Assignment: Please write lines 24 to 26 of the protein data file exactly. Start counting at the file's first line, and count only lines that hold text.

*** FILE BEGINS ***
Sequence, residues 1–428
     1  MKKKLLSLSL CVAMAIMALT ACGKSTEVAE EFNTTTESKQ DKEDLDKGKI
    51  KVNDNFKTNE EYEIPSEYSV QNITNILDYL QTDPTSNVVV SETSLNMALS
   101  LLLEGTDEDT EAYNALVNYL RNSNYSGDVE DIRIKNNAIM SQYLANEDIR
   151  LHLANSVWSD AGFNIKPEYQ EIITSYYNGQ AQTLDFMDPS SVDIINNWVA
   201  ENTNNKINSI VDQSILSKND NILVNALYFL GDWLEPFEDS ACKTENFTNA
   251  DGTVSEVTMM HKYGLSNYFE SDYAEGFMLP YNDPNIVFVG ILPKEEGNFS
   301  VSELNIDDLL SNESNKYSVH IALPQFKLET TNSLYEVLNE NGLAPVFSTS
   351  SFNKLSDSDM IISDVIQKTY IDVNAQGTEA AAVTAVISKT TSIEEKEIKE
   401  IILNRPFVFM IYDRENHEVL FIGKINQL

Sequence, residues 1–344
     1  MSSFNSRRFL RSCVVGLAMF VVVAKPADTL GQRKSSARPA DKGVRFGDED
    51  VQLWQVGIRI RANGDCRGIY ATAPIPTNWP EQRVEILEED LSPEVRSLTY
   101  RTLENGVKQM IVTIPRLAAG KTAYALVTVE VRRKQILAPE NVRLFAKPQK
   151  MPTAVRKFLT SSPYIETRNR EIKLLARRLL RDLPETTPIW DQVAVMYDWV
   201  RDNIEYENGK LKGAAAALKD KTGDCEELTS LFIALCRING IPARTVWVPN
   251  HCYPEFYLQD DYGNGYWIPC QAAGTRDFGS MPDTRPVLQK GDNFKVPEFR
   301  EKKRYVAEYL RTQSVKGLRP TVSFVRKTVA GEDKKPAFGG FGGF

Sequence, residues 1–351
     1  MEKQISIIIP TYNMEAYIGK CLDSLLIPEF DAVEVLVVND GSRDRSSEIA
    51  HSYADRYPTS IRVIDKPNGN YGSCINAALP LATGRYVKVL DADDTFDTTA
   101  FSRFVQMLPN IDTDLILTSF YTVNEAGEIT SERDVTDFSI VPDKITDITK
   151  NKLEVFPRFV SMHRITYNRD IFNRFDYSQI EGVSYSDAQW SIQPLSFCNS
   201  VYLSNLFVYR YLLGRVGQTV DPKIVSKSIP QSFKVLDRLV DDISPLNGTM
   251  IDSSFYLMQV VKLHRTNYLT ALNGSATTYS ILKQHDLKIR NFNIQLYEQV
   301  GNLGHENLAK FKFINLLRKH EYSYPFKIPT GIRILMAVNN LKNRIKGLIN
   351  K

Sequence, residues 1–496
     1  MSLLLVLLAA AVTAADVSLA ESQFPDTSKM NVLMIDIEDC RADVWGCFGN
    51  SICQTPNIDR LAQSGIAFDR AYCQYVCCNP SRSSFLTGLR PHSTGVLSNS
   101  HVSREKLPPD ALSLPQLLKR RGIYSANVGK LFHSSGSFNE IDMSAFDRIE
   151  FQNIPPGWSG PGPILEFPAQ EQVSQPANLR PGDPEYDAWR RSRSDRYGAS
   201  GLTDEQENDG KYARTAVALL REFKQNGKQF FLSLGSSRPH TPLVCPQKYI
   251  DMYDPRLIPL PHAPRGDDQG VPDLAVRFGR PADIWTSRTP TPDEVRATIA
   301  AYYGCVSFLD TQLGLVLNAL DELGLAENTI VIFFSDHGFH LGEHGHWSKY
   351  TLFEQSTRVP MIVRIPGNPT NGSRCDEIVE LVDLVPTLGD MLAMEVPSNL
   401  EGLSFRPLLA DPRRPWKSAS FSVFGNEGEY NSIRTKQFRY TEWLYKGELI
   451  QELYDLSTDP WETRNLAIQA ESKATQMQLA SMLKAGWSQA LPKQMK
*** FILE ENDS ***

   201  VYLSNLFVYR YLLGRVGQTV DPKIVSKSIP QSFKVLDRLV DDISPLNGTM
   251  IDSSFYLMQV VKLHRTNYLT ALNGSATTYS ILKQHDLKIR NFNIQLYEQV
   301  GNLGHENLAK FKFINLLRKH EYSYPFKIPT GIRILMAVNN LKNRIKGLIN